Paul Pritchard, Citizen Journalist
If only us real journalists were that effective
Can you blame us, in our business, if we sometimes look down on so-called "citizen journalists?" After all, who are these interlopers? They're easy to dismiss as a bunch of unaccountable bloggers, bloviating about facts they never gather. Don't they just feed parasitically upon the hard work of us dull, wage-earning professionals?
Pritchard is not a journalist and he doesn't even live here — and yet, he gave us one of the saddest, most instructive and most compelling Canadian stories of the decade: the death of a Polish immigrant, Robert Dziekanski, at Vancouver Airport two years ago.
It was Pritchard, of course, who dozed off, missed his flight and was therefore hanging around the Vancouver airport with his camera when the exhausted Dziekanski, after ten hours in limbo wandering the customs hall, began to lose it. Intrigued, Pritchard hit the record button. Horrified, he kept rolling as four RCMP officers tasered Dziekanski, pinned him down, and tasered him some more. Dziekanski's last words, directed at the officers just before the first shot, were, "Have you gone mad?"
Pritchard was returning from a gig teaching English in China. Now, he's teaching in Colombia. So he gets around and he knows his rights. When a security guard told him to stop taping Dziekanski's last moments, Pritchard shrugged him off. And can there be any doubt that Dziekanski's death would have been forgotten if he hadn't?
"The Pritchard video," as it came to be known at the long provincial inquiry led by Thomas Braidwood, sprang from the author's desire to bear witness. But there was more to it than that. Paul Pritchard didn't just make a record — he made sure the rest of us saw it. In his first public comments on the case in two years, Pritchard returned from Colombia this week to tell his story at a Toronto fundraiser for the Canadian Journalists for Free Expression.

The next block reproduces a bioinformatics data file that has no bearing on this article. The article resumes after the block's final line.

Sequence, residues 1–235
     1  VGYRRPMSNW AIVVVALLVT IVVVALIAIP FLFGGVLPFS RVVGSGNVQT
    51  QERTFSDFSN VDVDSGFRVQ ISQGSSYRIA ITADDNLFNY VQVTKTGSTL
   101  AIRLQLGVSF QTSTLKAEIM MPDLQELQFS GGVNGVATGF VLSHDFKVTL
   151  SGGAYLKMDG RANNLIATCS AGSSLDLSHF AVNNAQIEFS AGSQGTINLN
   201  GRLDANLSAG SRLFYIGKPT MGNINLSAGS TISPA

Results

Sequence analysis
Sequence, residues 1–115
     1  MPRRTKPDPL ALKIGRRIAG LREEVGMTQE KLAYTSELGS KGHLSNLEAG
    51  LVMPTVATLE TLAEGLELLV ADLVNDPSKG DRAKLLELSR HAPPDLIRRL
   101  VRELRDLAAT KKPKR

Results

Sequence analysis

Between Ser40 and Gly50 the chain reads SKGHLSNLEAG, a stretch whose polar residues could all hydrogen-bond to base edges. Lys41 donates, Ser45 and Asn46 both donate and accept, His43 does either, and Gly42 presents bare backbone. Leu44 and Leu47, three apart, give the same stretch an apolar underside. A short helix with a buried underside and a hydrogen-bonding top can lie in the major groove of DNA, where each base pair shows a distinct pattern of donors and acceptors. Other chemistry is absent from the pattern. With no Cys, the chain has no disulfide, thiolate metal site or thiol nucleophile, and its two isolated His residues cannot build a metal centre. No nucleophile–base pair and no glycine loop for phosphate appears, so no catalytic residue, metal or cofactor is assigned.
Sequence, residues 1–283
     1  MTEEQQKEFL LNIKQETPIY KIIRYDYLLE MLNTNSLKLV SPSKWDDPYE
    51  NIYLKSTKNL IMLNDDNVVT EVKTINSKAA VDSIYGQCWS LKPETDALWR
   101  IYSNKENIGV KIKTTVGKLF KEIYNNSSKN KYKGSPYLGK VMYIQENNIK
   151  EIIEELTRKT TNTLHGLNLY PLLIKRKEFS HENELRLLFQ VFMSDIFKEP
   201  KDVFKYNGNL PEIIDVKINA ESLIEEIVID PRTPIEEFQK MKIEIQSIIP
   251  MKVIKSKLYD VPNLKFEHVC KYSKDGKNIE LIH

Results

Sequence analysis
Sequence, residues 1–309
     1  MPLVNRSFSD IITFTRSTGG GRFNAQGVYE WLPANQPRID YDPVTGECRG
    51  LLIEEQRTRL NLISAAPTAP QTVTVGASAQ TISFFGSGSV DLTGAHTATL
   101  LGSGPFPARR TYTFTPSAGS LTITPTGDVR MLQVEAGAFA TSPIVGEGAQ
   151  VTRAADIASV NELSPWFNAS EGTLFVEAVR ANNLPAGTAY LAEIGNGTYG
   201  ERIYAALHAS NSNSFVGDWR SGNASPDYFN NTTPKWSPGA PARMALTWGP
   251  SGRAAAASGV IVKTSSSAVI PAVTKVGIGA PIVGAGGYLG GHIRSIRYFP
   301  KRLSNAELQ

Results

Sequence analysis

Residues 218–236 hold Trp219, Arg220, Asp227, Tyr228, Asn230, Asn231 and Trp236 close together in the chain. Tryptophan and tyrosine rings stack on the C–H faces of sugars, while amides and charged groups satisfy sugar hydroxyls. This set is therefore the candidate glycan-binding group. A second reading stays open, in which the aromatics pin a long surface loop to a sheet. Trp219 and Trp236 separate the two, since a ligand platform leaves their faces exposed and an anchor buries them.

Even at a princely $250 a plate, the place was packed — and we learned how close the tape came to disappearing. Pritchard recalled how a charming Mountie called to say he'd be happy to return that memory card he'd borrowed from Pritchard's camera — but, oh, by the way, the Dziekanski part wasn't on it. It was "evidence." He'd get it back — in two years.
All of this was contradicted by Pritchard's video. Dziekanski never fought the officers and none of them wrestled him to the ground. Actually, he went down screaming after the first shot and kept screaming as they pinned him to the floor and zapped him again, and again — five times in all.
And what about Paul Pritchard? Looking back, would he do it again?
"Yes," he answered, "I'd do it again, but I'd do it differently." Next time, he said, he'd intervene. Pritchard said he knows how to communicate, using body language, with people who don't speak English. So he'd try to help Dziekanski, and maybe prevent a fatal outcome, instead of just helping the next lost immigrant, and the next, who might encounter the police.
Next time, no doubt, the officers won't be so quick on the trigger. Even the chiefs of Taser International, always fiercely proud of their product, have now warned that, just to be on the safe side, officers should not aim for the chest and thereby risk causing a heart attack. Several expert witnesses at the inquiry said that's probably what killed Robert Dziekanski.
But even that concession would surely never have been made if Paul Pritchard hadn't nodded off when they called his flight. Or if he hadn't had the presence of mind to record what he saw and to keep on recording to the bitter end. Or if he hadn't fought to get that memory card back. Or if he hadn't immediately made it public.
Now, that's a real citizen journalist.